1. The Variable Analysis Game: Joel Bezaire presented The Variable Analysis Game: a simple game that encourages pattern seeking and algebraic thinking. The class is presented with three (or more) rows of numbers, with column headings labeled a, b, and c. Students must find the relationship between the numbers in the same row and develop an equation that uses all of the numbers in each column, and works for every row. I'll leave it to Joel to explain more and give some examples, found at variableanalysis.info.
I plan on using this game in my classroom because it allows students to work at different speeds, communicate their reasoning without "giving it away", and has a natural extension.
2. More Coloring Books: Edmund Harris (Current Prof at the University of Arkansas and my roommate for this TMC16) has released Visions of the Universe, a sequel to Patterns of the Universe. Both are adult coloring books steeped in mathematics. This iteration includes map projections, fractals, a representation of all the ways you can add to 11, and a number of lesson plans for bringing a bit of art into math class.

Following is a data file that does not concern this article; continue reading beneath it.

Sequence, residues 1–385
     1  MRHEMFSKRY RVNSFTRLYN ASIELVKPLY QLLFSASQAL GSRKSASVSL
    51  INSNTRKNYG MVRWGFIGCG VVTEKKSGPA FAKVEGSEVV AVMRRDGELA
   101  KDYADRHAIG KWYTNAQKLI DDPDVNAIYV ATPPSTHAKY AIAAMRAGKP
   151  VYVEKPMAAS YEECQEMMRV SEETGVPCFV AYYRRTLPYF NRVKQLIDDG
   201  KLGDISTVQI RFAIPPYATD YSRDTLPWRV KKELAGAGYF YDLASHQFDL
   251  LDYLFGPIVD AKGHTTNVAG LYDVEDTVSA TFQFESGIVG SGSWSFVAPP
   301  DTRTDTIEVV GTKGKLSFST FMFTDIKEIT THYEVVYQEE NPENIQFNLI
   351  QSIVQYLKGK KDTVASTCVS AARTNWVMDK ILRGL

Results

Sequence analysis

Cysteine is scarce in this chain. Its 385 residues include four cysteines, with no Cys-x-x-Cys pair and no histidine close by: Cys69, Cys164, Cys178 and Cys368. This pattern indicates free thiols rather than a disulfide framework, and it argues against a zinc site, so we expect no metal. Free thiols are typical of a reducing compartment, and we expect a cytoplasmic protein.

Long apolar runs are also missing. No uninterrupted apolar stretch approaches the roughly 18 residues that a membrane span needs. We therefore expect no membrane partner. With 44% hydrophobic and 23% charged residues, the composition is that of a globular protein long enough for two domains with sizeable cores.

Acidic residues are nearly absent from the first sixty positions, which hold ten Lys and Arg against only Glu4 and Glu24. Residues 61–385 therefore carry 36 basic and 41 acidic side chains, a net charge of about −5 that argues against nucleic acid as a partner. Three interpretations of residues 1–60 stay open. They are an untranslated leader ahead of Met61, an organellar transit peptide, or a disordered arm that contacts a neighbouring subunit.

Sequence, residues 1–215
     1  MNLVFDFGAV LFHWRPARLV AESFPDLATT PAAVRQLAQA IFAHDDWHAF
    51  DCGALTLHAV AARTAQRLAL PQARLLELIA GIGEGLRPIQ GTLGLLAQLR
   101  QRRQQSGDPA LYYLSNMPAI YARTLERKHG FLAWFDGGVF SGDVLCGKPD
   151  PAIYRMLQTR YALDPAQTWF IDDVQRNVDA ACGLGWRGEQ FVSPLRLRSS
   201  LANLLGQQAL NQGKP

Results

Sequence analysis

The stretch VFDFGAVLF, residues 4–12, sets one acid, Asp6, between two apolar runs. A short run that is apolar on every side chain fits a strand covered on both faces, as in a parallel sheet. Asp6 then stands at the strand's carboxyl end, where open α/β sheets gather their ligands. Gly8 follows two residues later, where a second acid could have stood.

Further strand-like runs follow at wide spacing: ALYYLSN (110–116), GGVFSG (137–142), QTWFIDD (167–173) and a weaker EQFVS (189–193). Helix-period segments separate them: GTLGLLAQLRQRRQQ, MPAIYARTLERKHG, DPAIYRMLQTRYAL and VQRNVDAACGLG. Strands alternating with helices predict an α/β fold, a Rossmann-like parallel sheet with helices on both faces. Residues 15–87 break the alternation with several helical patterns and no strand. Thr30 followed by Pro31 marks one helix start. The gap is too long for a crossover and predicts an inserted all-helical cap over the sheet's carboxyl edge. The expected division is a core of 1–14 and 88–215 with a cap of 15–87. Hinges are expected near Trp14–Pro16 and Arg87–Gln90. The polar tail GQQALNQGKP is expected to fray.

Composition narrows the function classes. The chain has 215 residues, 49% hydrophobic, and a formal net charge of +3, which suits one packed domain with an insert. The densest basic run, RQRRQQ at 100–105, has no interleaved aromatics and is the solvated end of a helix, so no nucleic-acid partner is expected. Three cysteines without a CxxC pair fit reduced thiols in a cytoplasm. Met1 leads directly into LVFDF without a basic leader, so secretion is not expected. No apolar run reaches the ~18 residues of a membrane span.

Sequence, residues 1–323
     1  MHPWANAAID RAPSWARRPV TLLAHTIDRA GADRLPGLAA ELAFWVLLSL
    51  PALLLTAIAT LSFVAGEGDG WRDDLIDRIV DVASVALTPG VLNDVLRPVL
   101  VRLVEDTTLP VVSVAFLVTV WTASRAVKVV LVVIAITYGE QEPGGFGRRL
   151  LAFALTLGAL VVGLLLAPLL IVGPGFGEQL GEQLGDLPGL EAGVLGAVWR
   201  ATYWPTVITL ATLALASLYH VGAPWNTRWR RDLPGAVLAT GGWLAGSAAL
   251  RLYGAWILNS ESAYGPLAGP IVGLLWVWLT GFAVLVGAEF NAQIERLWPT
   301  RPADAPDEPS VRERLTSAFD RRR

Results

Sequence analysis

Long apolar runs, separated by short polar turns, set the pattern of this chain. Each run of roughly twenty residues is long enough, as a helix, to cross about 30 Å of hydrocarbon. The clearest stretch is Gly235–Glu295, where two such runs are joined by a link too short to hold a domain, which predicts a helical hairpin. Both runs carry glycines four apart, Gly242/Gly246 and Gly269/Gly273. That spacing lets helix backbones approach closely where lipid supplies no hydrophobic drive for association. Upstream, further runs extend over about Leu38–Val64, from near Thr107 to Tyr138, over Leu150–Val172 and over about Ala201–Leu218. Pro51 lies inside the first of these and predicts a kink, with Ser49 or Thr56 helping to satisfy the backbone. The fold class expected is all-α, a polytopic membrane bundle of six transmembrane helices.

3. Nominations: Kathryn Belmonte encourages students to put more thought and effort into open ended assignments by nominating each other to share their work in front of the class. See the details here.
4. Birthday Functions: Hannah Mesick shares one of her favorite ways to celebrate her student's birthdays: by using them as an analogy to teach functions. Find more in her Prezi here.
5. The MTBoS is not a Plug and Play: Dylan Kane delivered a great keynote about moving beyond resources and into solid petagogy. His slides are here and the video is here (thanks to Glenn Waddell).
6. (Extra Credit) Using Photos: Sarah VanDerWerf uses images to remind herself of the little things she tends to forget while teaching. I'll try to find examples of these, but the internet is a big place.